Where life overwhelms fiction
The tragic story of a little 'queen' and her family in Morocco
Never mind its faults. "Stolen Lives: Twenty Years in a Desert Jail," by Malika Oufkir and Michele Fitoussi is going to sell well. It's already a runaway bestseller in France, where it debuted in 1999 as "La Prisoniere."
As far as memoirs go, this one is sensational - literally. It's got fairy-tale royal life. It's got a political coup. It's got deprivation and suffering during a decades-long prison sentence. It's even got film written all over it (Talk Miramax is the publisher, after all).
The book opens with a preface by co-author Fitoussi who waxes about seeing this mysterious, beautiful woman from afar at a Paris party. They become friends, Oufkir needs to get her story out to "exorcise the painful past" so Fitoussi drops everything to transcribe it for her. Thus, "Stolen Lives" begins.
Malika Oufkir, whose first name means "queen" in Arabic, was presciently (and later, ironically) named. As the first child of a powerful and affluent family, she was indeed the "little queen" in the eyes of her father, General Muhammad Oufkir.
At age 5, she was unofficially adopted by Morocco's King Muhammad V to be raised as a companion and virtual equal of his favorite daughter, Lalla Mina. Two years later, in 1961, the king dies unexpectedly and both Princess Lalla Mina and Oufkir become the new King Hassan II's wards.
Royal life, in spite of its many privileges, is a gilded cage for Oufkir, who longs to be reunited with her own family, especially her beloved mother. At 16, she finally returns home where she greedily adapts to the life of a "normal" teenager, albeit one filled with limos, movie stars, and couture houses. The respite does not last long, as her father, General Oufkir, mounts a coup d'etat against Hassan's corrupt regime, fails, and is executed.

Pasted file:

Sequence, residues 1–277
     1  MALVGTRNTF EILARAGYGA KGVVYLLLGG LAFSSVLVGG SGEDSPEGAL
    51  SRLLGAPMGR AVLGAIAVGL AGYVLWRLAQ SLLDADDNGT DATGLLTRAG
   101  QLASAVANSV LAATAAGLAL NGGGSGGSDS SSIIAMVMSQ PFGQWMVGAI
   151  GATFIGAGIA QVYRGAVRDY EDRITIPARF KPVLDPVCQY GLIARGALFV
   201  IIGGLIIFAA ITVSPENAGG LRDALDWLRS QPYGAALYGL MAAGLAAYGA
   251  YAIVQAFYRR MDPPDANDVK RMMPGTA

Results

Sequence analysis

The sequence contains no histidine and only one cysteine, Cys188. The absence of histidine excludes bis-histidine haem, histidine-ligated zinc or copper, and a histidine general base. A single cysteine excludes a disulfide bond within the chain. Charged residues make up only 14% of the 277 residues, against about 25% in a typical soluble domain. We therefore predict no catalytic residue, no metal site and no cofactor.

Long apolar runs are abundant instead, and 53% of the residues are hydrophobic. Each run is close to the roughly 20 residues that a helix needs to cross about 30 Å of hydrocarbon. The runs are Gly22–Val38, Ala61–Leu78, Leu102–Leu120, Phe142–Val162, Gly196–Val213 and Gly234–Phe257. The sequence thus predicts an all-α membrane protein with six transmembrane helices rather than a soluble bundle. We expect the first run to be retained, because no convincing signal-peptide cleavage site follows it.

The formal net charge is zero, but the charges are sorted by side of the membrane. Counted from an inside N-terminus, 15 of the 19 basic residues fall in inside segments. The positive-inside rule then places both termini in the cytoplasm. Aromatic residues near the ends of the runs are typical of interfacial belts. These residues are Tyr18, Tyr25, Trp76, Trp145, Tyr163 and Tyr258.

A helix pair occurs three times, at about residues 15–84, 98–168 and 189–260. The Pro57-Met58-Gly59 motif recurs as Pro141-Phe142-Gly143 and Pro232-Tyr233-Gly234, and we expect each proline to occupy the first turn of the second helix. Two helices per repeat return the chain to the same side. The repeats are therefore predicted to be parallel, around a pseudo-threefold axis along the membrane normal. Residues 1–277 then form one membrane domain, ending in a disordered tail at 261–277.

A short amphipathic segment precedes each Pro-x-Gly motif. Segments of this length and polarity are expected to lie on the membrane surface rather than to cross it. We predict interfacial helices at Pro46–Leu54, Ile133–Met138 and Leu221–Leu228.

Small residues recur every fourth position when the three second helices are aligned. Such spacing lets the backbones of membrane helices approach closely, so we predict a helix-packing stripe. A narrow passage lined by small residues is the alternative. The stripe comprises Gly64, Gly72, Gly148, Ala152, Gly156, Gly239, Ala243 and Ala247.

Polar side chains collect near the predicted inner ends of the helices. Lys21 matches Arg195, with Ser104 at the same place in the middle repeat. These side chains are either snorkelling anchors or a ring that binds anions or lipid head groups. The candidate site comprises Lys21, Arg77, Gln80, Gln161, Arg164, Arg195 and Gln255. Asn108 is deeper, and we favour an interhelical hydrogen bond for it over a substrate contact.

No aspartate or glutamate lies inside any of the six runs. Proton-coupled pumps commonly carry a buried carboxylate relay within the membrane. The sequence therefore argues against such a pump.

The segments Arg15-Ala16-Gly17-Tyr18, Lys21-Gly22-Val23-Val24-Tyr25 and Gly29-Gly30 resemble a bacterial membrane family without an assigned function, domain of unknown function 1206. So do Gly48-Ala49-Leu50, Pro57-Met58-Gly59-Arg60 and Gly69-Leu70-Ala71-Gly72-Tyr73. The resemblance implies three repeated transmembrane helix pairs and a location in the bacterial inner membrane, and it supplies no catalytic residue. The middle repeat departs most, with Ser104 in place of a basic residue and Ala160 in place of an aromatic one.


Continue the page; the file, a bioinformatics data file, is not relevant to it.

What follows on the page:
In further retaliation, Hassan banishes the general's family: Malika, her mother, and four younger siblings, the youngest only 3, plus two servants (one a distant cousin) who insist on following the family. Over the next 20 years, the family is subjected to a series of imprisonments, each worse than the former.
At first the family is allowed access to their designer luggage, their books, and records. After five years, they are sent to the prison barracks of Bir-Jdid, where for 10 years, they survive hellish conditions. Using only hands, a spoon, and a tin-can top, the family miraculously manages to dig an escape tunnel, and Oufkir with three of her siblings finally tastes freedom again, only to be recaptured five days later.
Once reunited, the family is sent, this time, to live in relative luxury: While they are no longer denied any physical comforts, they remain heavily guarded prisoners. When they are finally released in 1991, adjustment to their new life of so-called freedom is a challenge itself, yet another kind of struggle to survive.
With such a sensationalist story, looking at "Stolen Lives" as a literary work pales in comparison. However, while the story is strong because it is the truth - at least as its author remembers it - the book could have used better editing throughout.
The first half, for example, with all its description of luxury and privilege, mixed with Malika Oufkir's constant complaints about her gilded lot is tedium itself.
Indeed, Oufkir herself ironically comments: "My destiny was already mapped out: marriage to a wealthy husband at twenty, a life of luxury and boredom, of sleeping around, infidelities, frustration and dissatisfaction drowned in alcohol or drugs.... At least my ordeal has spared me that miserable fate."
But then again, such technicalities seem trivial next to the ultimate story. Granted, Oufkir is no Frank McCourt of "Angela's Ashes" fame, but her tragic story endures. And that her book will undoubtedly sell well, will be, in some small way, a part of her healing process.
Terry Hong is a freelance writer in the Washington, D.C,. area.
(c) Copyright 2001. The Christian Science Monitor